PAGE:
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Question: Angela was visiting her friend Betsy. She complained of a severe headache and Betsy gave her a box of painkillers that had been prescribed by her (Betsy’s) doctor. On the outside of the box and on a leaflet inside, there was a note reading: “Do not consume with alcohol. May cause severe nausea and diarrhoea.” Angela had drunk two small glasses of wine. She took two of the painkillers (the recommended dose for an adult). An hour later she became violently ill and was admitted to the Downbeat Hospital. She was examined by Conrad, a doctor, and told him about the pills she had taken. Conrad arranged for her to be admitted and prescribed a drug to treat her condition. Daphne, the nurse on duty, misread the doctor’s notes and gave her only 10 per cent of the dosage that Conrad prescribed. Angela became more seriously ill and required painful and debilitating abdominal surgery. There is a strong possibility that, if she had been given the correct dosage, she would have recovered after a few days.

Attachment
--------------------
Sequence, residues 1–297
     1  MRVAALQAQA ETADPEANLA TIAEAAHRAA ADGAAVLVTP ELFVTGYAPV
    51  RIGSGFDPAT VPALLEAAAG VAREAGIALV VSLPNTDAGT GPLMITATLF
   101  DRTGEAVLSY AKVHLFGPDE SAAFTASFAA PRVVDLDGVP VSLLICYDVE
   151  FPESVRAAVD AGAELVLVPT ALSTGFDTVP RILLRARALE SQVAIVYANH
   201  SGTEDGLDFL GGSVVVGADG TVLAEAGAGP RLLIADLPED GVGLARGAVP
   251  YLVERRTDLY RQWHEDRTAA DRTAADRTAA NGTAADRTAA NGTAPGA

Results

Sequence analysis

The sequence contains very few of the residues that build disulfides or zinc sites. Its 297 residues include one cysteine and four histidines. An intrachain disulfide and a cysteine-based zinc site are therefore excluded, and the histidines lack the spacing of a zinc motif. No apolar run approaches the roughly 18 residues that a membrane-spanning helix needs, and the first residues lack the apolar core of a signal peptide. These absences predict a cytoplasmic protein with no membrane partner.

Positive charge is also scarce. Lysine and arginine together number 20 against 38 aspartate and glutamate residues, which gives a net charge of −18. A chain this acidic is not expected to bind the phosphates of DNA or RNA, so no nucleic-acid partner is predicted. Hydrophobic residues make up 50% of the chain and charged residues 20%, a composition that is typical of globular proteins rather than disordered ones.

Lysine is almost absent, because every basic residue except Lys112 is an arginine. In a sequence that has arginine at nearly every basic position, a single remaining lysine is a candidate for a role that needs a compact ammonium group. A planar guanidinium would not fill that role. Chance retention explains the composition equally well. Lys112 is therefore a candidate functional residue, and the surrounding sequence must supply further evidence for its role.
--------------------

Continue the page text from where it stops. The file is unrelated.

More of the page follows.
It has now been established that Angela suffered from an extremely rare allergy to one of the ingredients of the painkillers. No other case has been identified where a person taking one of these painkillers suffered a comparable reaction. It cannot be established whether the wine had contributed to the reaction.

Advise Angela as to any claims in negligence against the Downbeat Hospital.

Answer: The above question demands discussion whether Betsy (B), Conrad (C) and Daphne (D) had breached duty of care to Angela (A) and whether there is any intervening factor that is likely to discharge their liabilities and whether Downbeat Hospital vicariously liable for the tort committed by its employees. Generally, these issues indicate that, this question calls for discussion on negligence and also subsequently vicarious liability (VL). The possible tortfeasors could be (either) B, C or D and the claimant is definitely, Angela (A). Generally, the general rule is that, in order to succeed in an action in negligence, a claimant must prove all the elements of the tort, which was established in Hill v Chief Constable of West Yorkshire; the elements are: the claimant has to show that, 1) the to......(short extract)

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Details: - Mark: Not available | Course: Tort Law | Year: 1st | Words: 2368 | References: No | Date written: Not available | Date submitted: October 26, 2017 | Coursework ID: 1032

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